Two years ago, Julie Kent stood on the stage of the Kennedy Center Opera House for an ovation as a warmly appreciative audience bid farewell to the retiring American Ballet Theatre star. It was a bittersweet appearance in several ways, as injury had prevented Kent from dancing during her final tour with ABT to her home town.
On Thursday night, Kent returned, beaming, to the Opera House stage in a new role, with a microphone in hand, as she introduced the Washington Ballet’s final program of its first year under her leadership. Life often seems to run in circles, and this evening was full of them.
Kent’s directing has circled back to her dancing, which has been a boon to the Washington Ballet. Her inaugural season has been studded with works she once embodied, and that trend continues in the program that opened Thursday and runs through Saturday night. Kent spoke to the audience with just pride about the return of the Washington Ballet Orchestra, with guest conductor Martin West, and about the evening’s company premieres, “two ballets that are very close to my heart”: Antony Tudor’s “Jardin aux Lilas” (“Lilac Garden”) and Frederick Ashton’s “The Dream.” She’d been a definitive interpreter in both while at ABT, and that familiarity surely contributed to the fine form and feeling in each.
They’re both highly stylized ballets, and nearly opposites — “Jardin” is constrained, conveyed through arrested motion and gestures, while “The Dream” spills out in full-bodied joy, lyricism and wit. Learning both at once is a steep challenge. Yet opening night had its pleasures.
It takes place in moonlight, but “The Dream” felt like just the burst of warmth and gaiety that this wet May has recently denied us. Anthony Dowell, the former Royal Ballet star for whom Ashton created his bright, brief take on Shakespeare’s “A Midsummer Night’s Dream,” staged it (along with Susan Jones). With a lush wooded set and fetching costumes, it’s an impressive showpiece of the company — its animation and utterly right, go-for-it hamminess. Andile Ndlovu’s Puck seemed a human impossibility: airborne, quicksilver, equal parts sprite and unruly 6-year-old. As the rustic who’s transformed into an ass, Daniel Roberge spun the role of Bottom into charismatic gold, with his crisp little steps en pointe wearing a donkey head with panache.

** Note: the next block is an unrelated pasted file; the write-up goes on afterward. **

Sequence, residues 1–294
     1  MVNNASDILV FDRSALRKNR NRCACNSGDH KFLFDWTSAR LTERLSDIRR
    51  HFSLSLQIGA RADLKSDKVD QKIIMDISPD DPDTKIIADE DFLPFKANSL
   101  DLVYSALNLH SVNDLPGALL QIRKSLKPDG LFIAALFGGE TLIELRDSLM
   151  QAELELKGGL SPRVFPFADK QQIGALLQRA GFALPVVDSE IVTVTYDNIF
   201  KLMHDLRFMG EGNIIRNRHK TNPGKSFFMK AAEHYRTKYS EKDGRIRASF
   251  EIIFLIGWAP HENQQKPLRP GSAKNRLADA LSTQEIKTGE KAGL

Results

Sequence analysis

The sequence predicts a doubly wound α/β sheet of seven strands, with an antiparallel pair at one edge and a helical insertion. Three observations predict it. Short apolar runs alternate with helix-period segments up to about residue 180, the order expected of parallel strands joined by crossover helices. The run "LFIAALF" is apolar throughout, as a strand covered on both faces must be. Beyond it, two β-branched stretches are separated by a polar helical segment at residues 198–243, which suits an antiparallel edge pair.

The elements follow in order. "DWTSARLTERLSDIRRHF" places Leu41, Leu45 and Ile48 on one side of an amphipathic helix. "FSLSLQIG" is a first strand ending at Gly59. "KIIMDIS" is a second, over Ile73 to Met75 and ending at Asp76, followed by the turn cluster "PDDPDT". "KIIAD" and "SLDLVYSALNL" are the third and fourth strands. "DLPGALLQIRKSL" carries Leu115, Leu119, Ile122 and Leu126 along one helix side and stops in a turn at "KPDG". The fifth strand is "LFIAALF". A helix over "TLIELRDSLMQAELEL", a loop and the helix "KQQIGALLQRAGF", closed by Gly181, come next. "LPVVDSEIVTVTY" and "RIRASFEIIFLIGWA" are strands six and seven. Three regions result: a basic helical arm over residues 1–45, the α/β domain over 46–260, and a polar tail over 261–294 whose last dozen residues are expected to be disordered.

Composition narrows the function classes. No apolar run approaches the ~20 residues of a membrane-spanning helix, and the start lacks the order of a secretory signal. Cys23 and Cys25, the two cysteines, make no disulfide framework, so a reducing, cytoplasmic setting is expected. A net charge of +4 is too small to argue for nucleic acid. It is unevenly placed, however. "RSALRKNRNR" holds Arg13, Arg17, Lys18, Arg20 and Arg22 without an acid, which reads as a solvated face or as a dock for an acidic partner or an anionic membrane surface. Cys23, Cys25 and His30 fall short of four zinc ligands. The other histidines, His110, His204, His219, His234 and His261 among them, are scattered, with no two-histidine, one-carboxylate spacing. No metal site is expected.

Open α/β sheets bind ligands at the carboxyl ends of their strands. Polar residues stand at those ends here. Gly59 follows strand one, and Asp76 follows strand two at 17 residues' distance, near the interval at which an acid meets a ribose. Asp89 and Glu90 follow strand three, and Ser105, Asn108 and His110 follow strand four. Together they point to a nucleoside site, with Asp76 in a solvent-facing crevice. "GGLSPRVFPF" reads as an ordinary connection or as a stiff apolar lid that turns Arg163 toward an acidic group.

In Titania, the fairy queen, Maki Onuki found a role that beautifully suits her natural rhythm — spontaneous, unselfconscious, mischievous — while it also draws out her warmheartedness and an appealing touch of vulnerability. The Mendelssohn score, incidental music he composed for the play, was performed with a delightful, singing sweetness.
“Jardin,” staged by former ABT dancers Amanda McKerrow (also a Washington Ballet alumna) and John Gardner, is also nocturnal, but quieter. The music is Ernest Chausson’s “Poeme,” with Oleg Rylatko’s superb violin solo adding aching poignancy to the story of secretive farewells on the eve of a dreaded marriage. To project the drama, the dancers need more time in its world of interrupted intimacies, but EunWon Lee brought a deeply moving sincerity to the central role of Caroline.
The evening opened with the world premiere of “Frontier,” by former ABT principal Ethan Stiefel. At Kent’s suggestion, Stiefel tied his first big commission (and hers) to the John F. Kennedy centennial. The theme is space exploration, and at a cost of $155,000, it has high-tech costumes, interstellar projections and an atmospheric score by Adam Crystal. But the dancing fell short. Ideas about weightlessness and restlessness didn’t fully ripen, and distracting questions arose (why did Sarah Steele, the astronaut, take off her helmet on a far-flung planet?). Still, Stiefel shows an eye for craft, and I’d like to see what he creates from his own desire.
The Washington Ballet repeats this performance at 1:30 p.m. and 7 p.m. Saturday. washingtonballet.org.